About Sabzian


Sabzian is a free international film magazine offering in-depth and many-voiced reflection on contemporary film experience and culture through online and offline publications, screenings and events. As a source and driving force of independent reflection on cinema, Sabzian builds a bridge between national and international cinephilia, between past and present, between individual and collective imagination. New and historical texts, translations, interviews and news items appear weekly, mainly in Dutch, French and English. Sabzian’s Agenda maps the Belgian cinephile landscape.

Sabzian was founded in 2014 by a group of Belgian filmmakers from the conviction that reflection and criticism, writing and speaking about film, are inextricably linked to the art of cinema and the practice of filmmaking. One cannot look at the vitality of cinema as an artform without considering its collective meaning, without the groups and communities of filmmakers, spectators and readers who, through intense dialogue, keep the silhouettes on the screen alive by providing them with words.

A film magazine is an act of imagination and shows a belief in and love for cinema. According to the Australian film critic Adrian Martin, cinephilia does not have an essential form or substance. He described it as a “tactical, cultural war machine” with questionable mobilising power and effectiveness. “Cinephilia is the history of a hundred failed revolutions,” Martin wrote. “Sometimes the Great War is almost wholly imaginary; it’s happening in the columns of a little magazine somewhere, or in the program of an obscure film club. Maybe the heat-seeking missile launched by cinephilia mostly hits nothing. But the stories, the histories of cinephilia as motivating passion are there for good, if they have been somehow written or documented or caught, if the testament is there, and we can catch them in another time or place.” Sabzian is one of those hundreds of attempts to take reflection on cinema seriously, away from projected certainties, as an ongoing history of forms and narratives, in order to broaden the spectrum of cinema futures without end.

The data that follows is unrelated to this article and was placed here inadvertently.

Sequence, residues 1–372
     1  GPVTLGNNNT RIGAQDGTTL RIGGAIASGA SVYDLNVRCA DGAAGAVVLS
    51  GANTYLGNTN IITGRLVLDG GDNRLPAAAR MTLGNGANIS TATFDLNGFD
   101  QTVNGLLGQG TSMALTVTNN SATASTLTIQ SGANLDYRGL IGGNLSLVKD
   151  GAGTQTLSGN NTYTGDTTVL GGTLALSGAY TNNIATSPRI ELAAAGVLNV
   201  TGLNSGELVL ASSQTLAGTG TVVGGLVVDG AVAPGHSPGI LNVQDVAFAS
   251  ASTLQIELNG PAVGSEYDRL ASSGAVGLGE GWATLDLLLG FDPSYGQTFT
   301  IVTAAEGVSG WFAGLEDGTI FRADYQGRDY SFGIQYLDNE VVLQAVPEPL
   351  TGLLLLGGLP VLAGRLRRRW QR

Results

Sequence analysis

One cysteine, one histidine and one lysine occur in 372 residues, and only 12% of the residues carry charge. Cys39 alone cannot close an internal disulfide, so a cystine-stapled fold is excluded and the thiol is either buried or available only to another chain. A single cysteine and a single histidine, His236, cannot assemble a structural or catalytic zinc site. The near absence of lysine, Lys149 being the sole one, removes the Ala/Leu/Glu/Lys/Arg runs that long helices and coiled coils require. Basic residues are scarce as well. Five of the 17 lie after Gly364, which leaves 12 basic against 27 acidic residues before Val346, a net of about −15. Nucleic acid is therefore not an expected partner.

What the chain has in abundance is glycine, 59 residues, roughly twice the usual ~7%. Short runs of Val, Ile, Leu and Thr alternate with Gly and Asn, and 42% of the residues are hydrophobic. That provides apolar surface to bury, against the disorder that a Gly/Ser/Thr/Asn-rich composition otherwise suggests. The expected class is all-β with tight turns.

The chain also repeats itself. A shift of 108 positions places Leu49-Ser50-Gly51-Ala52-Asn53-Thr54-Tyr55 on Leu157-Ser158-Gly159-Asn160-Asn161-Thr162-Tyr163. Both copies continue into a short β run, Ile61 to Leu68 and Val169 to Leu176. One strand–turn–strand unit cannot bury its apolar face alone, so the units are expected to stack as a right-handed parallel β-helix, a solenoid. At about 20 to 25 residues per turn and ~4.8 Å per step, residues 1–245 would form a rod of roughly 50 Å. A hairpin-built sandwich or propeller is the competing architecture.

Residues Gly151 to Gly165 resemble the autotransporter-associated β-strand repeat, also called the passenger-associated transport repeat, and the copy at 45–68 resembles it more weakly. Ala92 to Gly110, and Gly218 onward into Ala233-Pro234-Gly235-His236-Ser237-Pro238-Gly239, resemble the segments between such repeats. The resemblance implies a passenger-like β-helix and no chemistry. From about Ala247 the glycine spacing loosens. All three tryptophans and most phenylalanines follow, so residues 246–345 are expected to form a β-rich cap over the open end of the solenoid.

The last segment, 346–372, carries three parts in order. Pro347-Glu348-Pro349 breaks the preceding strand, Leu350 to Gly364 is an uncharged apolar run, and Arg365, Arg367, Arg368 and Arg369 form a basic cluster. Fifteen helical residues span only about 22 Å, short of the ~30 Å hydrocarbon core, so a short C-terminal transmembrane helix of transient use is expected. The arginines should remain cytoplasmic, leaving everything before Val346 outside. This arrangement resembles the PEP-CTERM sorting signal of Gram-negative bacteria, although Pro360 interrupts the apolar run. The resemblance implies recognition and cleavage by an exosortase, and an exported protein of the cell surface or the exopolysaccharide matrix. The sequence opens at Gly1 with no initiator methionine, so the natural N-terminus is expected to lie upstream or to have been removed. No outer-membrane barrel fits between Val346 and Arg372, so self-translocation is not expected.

Nema-ye nazdik, Abbas Kiarostami


The name Sabzian refers to the protagonist in the Iranian filmmaker Abbas Kiarostami’s film Nema-ye nazdik [Close-Up] (1990). The film followed from an unusual fait divers that Kiarostami stumbled upon in a newspaper. A young unemployed person from Tehran, Hossein Sabzian, posed as the well-known filmmaker Mohsen Makhmalbaf, misled an entire family, was arrested and eventually forgiven by his victims. He had no criminal intentions. He appropriated the filmmaker’s identity out of a love for cinema. Kiarostami re-enacts these events with the same people, juxtaposes it with footage of Sabzian’s trial. “Cinema is important to me,” said Hossein Sabzian. “It’s like a prism. A good film . . . is part of my life. With every good film I see, I feel reborn.” Isn’t Sabzian the true cinephile figure, completely absorbed in the prism of film, trying to break into reality by way of cinema?